Commemorative Air Force (Mesa, AZ) B-17G & B-25J Bombers
Monday 6/22 The Fargo Air Museum hosts two Commemorative Air Force (CAF) World War II bombers this week, from Mesa, AZ. My friend Bob Nelson and I waited south of the runaway for them to land Monday morning. I attached my Canon S110 to the bottom of my Sony a200 so I could shoot movies while photographing their arrival. First up is a B-25J 'Mitchell' known as "Maid In The Shade". It makes a pass over the airport, then circles the city once more before landing. It was followed half an hour later by a B-17G 'Flying Fortress' known as "Sentimental Journey".
Wednesday 6/24 I arrive at The Fargo Air Museum at 10:30. I renew my membership and get a pass to tour inside the bombers. The CAF crew were servicing the engines on the B-17G. The cowlings were off the 1200 HP Wright Cyclone Model R-1820-97 engines. I enter the B-25J 'Mitchell' and photograph the cockpit, radio, and waist gunner compartments. I photograph around the B-25J 'Mitchell' taking in this medium WW-II bomber, including a 1940 Buick 'Eight' parked by in front of the starboard wing. Bob arrives. We chat with Richard Perry, a pilot/crewman on the B-25J. I had Bob take a photo of me with the B-25J nose art: "Maid In The Shade." I photographed Bob at the nose of the aircraft. At the B-17G 'Flying Fortress', one of the crew was unloading supplies out of the tail-gunner door. I asked him to hold the door open while I took some photos of the tail gunner: Manny (mannequin), the elevator and rudder controls. Bob left, I went inside and toured the B-17G 'Flying Fortress', from the cockpit to the waist gunner compartments. Before I left I looked at Gerry Beck's B-25 'Michell' which is parked inside the new museum wing. I came back to Hector Field after lunch. Bob was already at the airport viewing park. I was just in time, the B-17G was taxiing to the runaway. We caught the takeoff but missed the landing when we decided to move to the north end of the runaway.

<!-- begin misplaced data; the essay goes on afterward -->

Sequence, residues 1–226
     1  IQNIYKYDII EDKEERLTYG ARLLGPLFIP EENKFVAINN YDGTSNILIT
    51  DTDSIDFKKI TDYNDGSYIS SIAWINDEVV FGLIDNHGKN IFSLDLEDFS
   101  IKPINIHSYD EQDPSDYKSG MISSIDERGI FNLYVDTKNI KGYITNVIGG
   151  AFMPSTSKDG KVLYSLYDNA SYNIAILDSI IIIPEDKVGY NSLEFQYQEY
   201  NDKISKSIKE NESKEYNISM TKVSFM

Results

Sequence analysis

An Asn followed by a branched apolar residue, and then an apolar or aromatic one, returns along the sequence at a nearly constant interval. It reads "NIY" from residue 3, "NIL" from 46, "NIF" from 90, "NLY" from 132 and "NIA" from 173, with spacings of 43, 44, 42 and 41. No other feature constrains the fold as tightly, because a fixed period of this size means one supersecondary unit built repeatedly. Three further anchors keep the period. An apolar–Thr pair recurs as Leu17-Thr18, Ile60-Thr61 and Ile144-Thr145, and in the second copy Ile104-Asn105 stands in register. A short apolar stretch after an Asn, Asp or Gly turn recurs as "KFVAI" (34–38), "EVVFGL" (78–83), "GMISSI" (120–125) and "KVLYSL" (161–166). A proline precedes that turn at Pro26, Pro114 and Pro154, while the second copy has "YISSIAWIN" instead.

Thursday 6/25 I arrive at the Hector Airport viewing park in time to catch the B-25J taking off (3:36). The windsock was from the north so the aircraft would land from the south. Bob joins me later. We have the sun at our back, a nice broken cloud background, and the aircraft point down toward us when they land. The only negative: it's pretty hot outside, so we didn't stay long. I call the Fargo Air Museum on Friday for the flying schedule. Bob and I plan for Saturday.
Saturday 6/27 8:40 I arrived at the Fargo Air Museum. "Are You John Doe?" No. I should have said Yes. The B-17G crew were waiting for their last passenger. I took photos, and movie clips as the B-17G was towed down the apron. The Loadmaster announced we could walk down to the B-17G if we wanted and hang out with the crew and passengers. The pilot gave an introduction to the flight. The passengers were loaded, the engines starting and the B-17G taxiing out. Bob was at the airport viewing park when I arrived. The B-17G 'Flying Fortress' was a long time on the taxiway before it took off. Bob and I head to the north end of the runaway. Once the B-17G landed we went back to the Viewing Park. We repeated this for all three B-17G flights. The B-25J, didn't go up. B-17G Links B–17G “Sentimental Journey”, Photos of this aircraft, History of this WW-II bomber, Air & Space Magazine 360-degree look from the cockpit, and finally coverage of its crash.